U.S. Homeland Security Secretary Janet Napolitano answers questions during a hearing of the Senate Judiciary Committee on Capitol Hill
U.S. Homeland Security Secretary Janet Napolitano told Congress the Department of Homeland Security will not help Alabama enforce its immigration law. Reuters

U.S. Homeland Security Janet Napolitano told Congress on Wednesday that her department -- which includes the agency responsible for enforcing federal immigration laws -- will not assist Alabama in implementing its controversial immigration law.

Napolitano's comments, given during a hearing before House Judiciary Committee, are notable because they call into question the ultimate effectiveness of the Alabama law. The law, which the Obama administration sued to block, allows local police to detain undocumented immigrants who are in the country illegally. However, if the federal government does not actually deport those immigrants they can remain in the U.S.

We have been working with the Department of Justice on its challenge to that law, Napolitano said, when asked by U.S. Rep. Bobby Scott, D-Va., if the Department of Homeland Security was working with Alabama to enforce its law.

Last month, a federal appeals court temporarily blocked a section of the law that requires public schools to check and document the immigration status of students. A final ruling in the case is not expected for several months.

U.S. Justice Department Says Law Is Unconstitutional

The U.S. Justice Department claims the law is unconstitutional since it is a violation of the United States Constitution's Supremacy Clause, which gives the federal government authority over the states in immigration matters, specifying that only the federal government can enact and enforce immigration laws.

However, Alabama Republicans have argued that the law was necessary to project the jobs of legal residents and claims the state was forced to take matters into their own hands since the federal government has not adequately enforced its own laws.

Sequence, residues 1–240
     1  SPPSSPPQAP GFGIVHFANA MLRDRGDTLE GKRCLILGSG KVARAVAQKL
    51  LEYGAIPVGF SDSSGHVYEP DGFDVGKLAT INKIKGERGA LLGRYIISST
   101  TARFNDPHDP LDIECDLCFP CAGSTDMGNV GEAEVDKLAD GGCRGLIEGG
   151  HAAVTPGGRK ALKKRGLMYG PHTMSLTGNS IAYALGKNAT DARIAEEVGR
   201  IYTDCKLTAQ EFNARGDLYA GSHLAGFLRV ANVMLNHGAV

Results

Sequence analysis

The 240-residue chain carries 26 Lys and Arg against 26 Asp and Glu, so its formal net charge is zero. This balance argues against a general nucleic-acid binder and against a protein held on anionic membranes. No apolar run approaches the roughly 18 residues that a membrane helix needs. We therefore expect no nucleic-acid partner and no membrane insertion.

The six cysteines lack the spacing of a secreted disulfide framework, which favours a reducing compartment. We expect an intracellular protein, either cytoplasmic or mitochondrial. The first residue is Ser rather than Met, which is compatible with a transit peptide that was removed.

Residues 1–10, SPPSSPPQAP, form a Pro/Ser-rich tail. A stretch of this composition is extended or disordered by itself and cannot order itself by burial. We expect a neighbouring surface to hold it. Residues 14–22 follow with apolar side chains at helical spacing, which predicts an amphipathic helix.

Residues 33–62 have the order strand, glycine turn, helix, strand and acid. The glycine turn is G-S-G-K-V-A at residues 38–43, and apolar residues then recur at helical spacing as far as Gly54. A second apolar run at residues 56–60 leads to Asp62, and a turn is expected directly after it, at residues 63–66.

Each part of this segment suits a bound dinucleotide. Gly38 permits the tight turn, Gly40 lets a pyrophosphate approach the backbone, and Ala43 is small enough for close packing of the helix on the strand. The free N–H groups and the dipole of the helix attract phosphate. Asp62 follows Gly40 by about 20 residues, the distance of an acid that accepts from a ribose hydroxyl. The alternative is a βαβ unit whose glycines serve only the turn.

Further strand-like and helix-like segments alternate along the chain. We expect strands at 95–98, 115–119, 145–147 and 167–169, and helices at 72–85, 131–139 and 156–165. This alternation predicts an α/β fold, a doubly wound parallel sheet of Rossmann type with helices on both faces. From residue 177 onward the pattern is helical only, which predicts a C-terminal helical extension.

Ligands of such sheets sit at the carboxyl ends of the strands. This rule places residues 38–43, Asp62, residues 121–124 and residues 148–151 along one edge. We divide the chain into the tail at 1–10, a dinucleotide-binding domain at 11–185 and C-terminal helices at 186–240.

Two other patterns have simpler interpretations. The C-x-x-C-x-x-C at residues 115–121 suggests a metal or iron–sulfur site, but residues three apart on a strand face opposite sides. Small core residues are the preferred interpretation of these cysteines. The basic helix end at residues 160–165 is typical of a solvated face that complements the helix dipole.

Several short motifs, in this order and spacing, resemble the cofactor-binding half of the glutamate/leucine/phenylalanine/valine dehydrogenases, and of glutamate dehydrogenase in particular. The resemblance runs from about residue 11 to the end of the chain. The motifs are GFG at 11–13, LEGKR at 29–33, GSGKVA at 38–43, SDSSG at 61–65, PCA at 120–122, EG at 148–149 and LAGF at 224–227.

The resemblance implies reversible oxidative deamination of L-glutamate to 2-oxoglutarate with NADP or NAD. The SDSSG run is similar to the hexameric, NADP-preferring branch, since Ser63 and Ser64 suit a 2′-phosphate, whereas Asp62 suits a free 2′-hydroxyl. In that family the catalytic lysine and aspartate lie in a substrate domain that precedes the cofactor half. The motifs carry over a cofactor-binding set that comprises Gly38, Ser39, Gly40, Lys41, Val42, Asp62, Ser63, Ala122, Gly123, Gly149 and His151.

I suppose we shouldn't be surprised that the federal government won't help us enforce our laws considering it hasn't been enforcing its own law for years. That's why we're in this mess to begin with. In Alabama, we're trying to turn off the magnet drawing illegal aliens across the border. The Obama Administration is trying to make the magnet stronger, Alabama House Speaker Mike Hubbard told The Associated Press.

Napolitano refuted that sentiment while testifying before Congress, reminding them that the Immigration and Customs Enforcement agency (ICE) has deported almost 397,000 in fiscal year 2011, the largest number in the agency's history. In fact, the Obama administration has been criticized by some liberals for the considerable rise in deportations this year.

Civil rights activists and even several members of Congress have reportedly asked the Department of Homeland Security and ICE not to deport people under Alabama's law unless they have prior criminal convictions. According to the ICE Web site, only 54 percent of those deported during fiscal year 2011 were removed because they were criminal offenders.

Alabama Law's Goals

A particularly harsh provision in Alabama's law, known as HB 56, makes it a felony for undocumented immigrants from entering into a business transaction with the state or a political subdivision of the state. While the sentence is vague, lawmakers have used it as a basis to make it illegal for residents without a state ID -- obviously targeting illegal aliens -- from receiving public water service, owning mobile homes or even obtaining library cards.

The American Civil Liberties Union (ACLU) reports there has been an exodus of Hispanic families leaving the state since it went into effect in late September. Before the provision requiring public schools to track the immigration status of its students was blocked, several media outlets reported that thousands of Hispanic children were absent from school.

Similar laws have been passed in Utah, Georgia, South Carolina and Indiana. The ACLU and other civil rights groups have sued those states to block those measures.